Interviews

Five minutes with Jacqueline Crooks

Meet Jacqueline Crooks, author of the Women’s Prize 2023 longlisted novel Fire Rush. A novel which The Telegraph has said, “tackles race riots, grief, youth culture and the transcendence of dub music.”

The premise of this book is powerful and unique, so what was the inspiration behind the novel? We grabbed a quick five minutes with each of the authors behind the longlisted books to ask that question and more…

Jacqueline Crooks:

Describe your novel in one sentence as if you were telling a friend.

The quest of a woman within the male-dominated dub-reggae underworld to use supra-watt dub music power to find sites of safety for her mind and body.

What inspired you to write Fire Rush?

The dub reggae sound revolution of the 1970s and 1980s was an important moment in time, and the culture of that world continues to reverberate, impacting on the fashion, music, and language of today. It was a hidden subterranean world, and it struck me that many people didn’t know of its existence. I wanted to explore through writing the politics of invisibility and was compelled to write about this hidden world, and recreate it from memory and imagination. It felt imperative to privilege a woman’s perspective in this male-dominated world. Yamaye, the protagonist, is based on my experiences in that subterranean culture. I don’t think there is anything else out there in terms of fiction that platforms a woman’s perspective from that subterranean world of DJs, Stix-Men, skankers, and crutchers – hustlers. Also, I had only ever found books about dub reggae written by men. I wanted to write about this world from a woman’s perspective as I hadn’t found a book that was doing this. I wanted to foreground a woman’s experience in the seminal time of the Black sound revolution and show the different ways in which women rebel and also the ways they express rage.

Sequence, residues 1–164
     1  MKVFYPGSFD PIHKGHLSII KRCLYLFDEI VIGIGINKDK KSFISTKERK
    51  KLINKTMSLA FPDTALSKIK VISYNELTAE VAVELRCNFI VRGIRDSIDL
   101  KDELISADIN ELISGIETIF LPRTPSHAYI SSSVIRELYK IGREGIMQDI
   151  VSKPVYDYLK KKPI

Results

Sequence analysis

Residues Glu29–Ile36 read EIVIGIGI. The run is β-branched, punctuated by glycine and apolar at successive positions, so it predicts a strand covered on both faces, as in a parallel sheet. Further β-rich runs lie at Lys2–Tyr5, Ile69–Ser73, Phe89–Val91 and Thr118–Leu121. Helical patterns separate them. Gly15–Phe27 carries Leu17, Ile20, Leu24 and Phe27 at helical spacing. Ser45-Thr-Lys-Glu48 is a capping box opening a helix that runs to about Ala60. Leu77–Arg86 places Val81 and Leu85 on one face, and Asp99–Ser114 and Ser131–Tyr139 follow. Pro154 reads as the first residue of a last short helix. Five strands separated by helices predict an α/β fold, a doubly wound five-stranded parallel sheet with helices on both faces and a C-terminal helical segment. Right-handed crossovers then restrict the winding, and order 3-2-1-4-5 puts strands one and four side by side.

Are there any locations that have a special connection for you or your book?

I was born in a rural village in Jamaica and came to London as part of the Windrush community, so I felt a special connection to Cockpit Country in Jamaica and enjoyed setting parts of the story in this landscape. I haven’t been back to Jamaica for many years and so setting some of the story in rural Jamaica was a way of reconnecting to the island through imagination and fragments of memory. I tried to conjure the haunting magic of that landscape. Remembering and imagining it as soundscape, textual space, liminal space, an empowered and nurturing space, bush geographies inhabited by Super Sonic Black Women rebels such as Queen Nanny of the Maroons.

Which part of the book was the most fun to write? Which was the most challenging?

I loved writing the scene where Yamaye is driving the getaway car, evading the police and speeding through the streets of Bristol. In fiction, it’s often the men at the wheels of the car or the plane or running ahead and leading the way. I had an experience that was very similar to that scene where I was driving a car with three men who were getting away from a gang. So I enjoyed drawing on that experience and using artistic licence to bring in elements of history where women used their bodies as vessels to escape slavery.